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Creation of pan-European mobile infrastructure could be good news for bond investors, says Aegon Asset Management

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Pan-European mobile networks could unlock investment opportunities for bond holders – but beware selling off the family silver, says Jan Frederik Slijkerman, Senior Credit Analyst – Telecom, Media and Technology at Aegon Investment Management.

European mobile network operators are under financial pressure, but the creation of pan-EU network infrastructure could be a boon for bond holders.
 
Slijkerman says the creation of pan-European mobile infrastructure would help alleviate a multitude of challenges mobile operators face as they struggle to invest in new 5G networks.
 
“Today, returns of telecom operators are under pressure, due to heavy competition. The telecom companies also need a lot of cash to build out their 5G networks which require more antennas. They also need to invest in their fibre networks. The establishment of pan-European mobile infrastructure companies is a likely outcome of this pressure.
 
“Until recently, the European Commission preferred, generally speaking, to have four mobile network operators in each country. This promotes competition and leads to lower prices for mobile telephony.
 
“However, from a cost perspective, it is more efficient to have one network that can be used by all citizens. Telecom companies can share costs in operating mobile towers – masts with mobile radio equipment.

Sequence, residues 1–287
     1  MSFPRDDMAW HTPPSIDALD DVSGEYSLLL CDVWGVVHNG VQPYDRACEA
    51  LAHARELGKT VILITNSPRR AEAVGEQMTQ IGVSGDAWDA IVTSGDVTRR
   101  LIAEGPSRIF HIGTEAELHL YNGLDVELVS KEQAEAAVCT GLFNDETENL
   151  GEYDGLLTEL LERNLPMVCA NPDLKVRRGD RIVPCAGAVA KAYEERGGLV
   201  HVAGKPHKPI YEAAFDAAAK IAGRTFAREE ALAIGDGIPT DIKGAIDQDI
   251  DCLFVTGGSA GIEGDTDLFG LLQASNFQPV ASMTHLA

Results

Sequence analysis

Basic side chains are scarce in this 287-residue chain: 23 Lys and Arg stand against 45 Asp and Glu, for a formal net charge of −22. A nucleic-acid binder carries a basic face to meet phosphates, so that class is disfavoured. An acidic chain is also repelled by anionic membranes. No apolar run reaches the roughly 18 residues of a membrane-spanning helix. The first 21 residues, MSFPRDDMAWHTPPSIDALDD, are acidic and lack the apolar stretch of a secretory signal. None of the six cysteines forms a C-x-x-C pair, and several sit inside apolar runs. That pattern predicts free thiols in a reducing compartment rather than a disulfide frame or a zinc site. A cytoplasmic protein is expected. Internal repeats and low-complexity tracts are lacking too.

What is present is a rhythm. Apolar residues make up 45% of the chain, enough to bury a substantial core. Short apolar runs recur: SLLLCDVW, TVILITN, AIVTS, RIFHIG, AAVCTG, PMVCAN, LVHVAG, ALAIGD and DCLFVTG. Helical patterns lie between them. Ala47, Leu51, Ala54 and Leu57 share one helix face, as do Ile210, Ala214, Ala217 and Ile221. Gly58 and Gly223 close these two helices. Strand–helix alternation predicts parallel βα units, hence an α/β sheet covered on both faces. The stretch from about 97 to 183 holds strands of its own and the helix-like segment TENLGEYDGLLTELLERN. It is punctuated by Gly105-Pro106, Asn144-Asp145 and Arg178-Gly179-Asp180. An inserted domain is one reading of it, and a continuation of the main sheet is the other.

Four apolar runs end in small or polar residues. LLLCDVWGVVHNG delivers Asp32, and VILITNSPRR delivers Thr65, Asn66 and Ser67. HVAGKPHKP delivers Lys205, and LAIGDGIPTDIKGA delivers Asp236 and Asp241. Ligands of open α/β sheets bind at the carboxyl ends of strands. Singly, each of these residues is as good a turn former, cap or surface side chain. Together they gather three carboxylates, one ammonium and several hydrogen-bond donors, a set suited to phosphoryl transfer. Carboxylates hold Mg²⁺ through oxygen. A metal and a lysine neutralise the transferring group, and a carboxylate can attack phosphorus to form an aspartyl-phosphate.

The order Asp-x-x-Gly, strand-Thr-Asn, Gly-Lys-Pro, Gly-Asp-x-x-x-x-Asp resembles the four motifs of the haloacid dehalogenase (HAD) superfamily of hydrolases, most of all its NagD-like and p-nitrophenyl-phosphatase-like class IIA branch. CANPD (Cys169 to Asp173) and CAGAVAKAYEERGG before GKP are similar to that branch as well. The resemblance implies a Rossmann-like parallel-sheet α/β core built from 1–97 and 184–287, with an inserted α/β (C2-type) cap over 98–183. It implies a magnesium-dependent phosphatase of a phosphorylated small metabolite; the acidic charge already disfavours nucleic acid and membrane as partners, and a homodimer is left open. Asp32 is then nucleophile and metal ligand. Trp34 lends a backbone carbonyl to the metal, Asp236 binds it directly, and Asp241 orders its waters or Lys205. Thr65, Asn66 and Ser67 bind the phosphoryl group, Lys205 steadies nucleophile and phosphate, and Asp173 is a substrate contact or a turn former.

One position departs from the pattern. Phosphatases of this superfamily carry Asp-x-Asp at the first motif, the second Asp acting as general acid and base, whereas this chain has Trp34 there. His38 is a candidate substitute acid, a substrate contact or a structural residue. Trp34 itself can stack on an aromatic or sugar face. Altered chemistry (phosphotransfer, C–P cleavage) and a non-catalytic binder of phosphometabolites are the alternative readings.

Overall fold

“It is a bit like the national railways in continental Europe. We do not duplicate the railway network but have only one infrastructure in each country. It makes sense to share mobile infrastructure too.”
 
Such consolidation of infrastructure would make sense for national telecoms operators, but would also be good news for bond holders concerned about financial pressures of 5G network expansion, and investors looking for infrastructure opportunities, according to Slijkerman.
 
“Most market watchers anticipated a merger between large European telecom companies, such as Orange or Deutsche Telekom. However, such a merger does not offer many opportunities to cut costs as they operate in different countries and have no network overlap.
 
“Instead, the establishment of tower companies would increase the quality of mobile networks throughout Europe. The large telecom operators, such as Orange, Deutsche Telekom and Vodafone could unlock a lot of value through selling their assets.
 
“For example, Cellnex, is going to operate mobile towers for three telecom operators in France. This brings in enormous cost synergies as well as delivering a lot of cash to operators selling their networks. Moreover, it will also help the quality of mobile networks since towers in remote unprofitable areas can now be shared by multiple operators.
 
“US competitor, American Towers is also building a presence in Europe, not to mention the desire by Vodafone, but also Deutsche Telekom and Orange, to manage their tower portfolios as a separate business. Together, they would have the potential to create a pan-European infrastructure leader.
 
“This is in contrast to times past when many of the larger telecom companies were reluctant to share infrastructure. A high-quality network was deemed a key competitive advantage, something they wanted to keep for themselves. That is no longer the case.”
 
But Slijkerman warns selling off key infrastructure could also be a long-term risk for holders of firms’ bonds – as it is akin to ‘selling the family silver’ to pay their debts.
 
“There is strong demand from bond investors for infrastructure assets, due to low interest rates. The valuation of infrastructure assets is very high, compared to the valuations of the traditional telecom operators. So, asset sales are likely to continue.
 
“If firms were to merge tower businesses, we would have a pan-European mobile infrastructure. These assets should be very good collateral for bond financing. However, bond holders of the telecom operators may want to think twice about credit risk if the ‘family silver’ is sold.”
 

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